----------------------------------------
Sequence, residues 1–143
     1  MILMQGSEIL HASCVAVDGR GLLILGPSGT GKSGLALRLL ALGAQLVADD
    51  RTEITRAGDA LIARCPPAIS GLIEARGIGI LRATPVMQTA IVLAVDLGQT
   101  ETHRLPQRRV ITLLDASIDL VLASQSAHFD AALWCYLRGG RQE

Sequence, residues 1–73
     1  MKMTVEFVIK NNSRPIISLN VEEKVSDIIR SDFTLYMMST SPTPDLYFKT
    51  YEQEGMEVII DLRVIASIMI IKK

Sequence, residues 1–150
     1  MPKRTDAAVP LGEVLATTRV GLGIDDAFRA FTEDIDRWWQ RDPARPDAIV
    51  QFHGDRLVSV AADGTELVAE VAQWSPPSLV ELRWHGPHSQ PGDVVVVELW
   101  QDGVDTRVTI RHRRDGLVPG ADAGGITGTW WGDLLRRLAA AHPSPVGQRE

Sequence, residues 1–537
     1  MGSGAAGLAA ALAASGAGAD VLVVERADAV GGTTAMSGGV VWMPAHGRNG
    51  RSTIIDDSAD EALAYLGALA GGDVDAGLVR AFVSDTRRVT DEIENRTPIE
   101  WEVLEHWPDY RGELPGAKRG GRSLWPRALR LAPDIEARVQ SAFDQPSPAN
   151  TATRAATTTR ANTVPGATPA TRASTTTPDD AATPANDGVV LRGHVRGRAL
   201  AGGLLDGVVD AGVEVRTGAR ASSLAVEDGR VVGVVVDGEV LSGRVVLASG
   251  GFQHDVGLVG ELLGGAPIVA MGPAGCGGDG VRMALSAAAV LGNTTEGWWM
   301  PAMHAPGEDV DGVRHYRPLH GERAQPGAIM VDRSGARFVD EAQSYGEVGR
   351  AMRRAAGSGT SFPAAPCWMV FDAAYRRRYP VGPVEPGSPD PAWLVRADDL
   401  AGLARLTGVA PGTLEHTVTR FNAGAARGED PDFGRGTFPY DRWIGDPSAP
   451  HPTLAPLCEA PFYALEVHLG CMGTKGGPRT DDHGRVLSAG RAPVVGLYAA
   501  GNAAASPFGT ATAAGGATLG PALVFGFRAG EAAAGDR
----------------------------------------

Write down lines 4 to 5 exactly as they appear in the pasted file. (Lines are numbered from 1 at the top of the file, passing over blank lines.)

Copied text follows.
   101  ETHRLPQRRV ITLLDASIDL VLASQSAHFD AALWCYLRGG RQE

Sequence, residues 1–73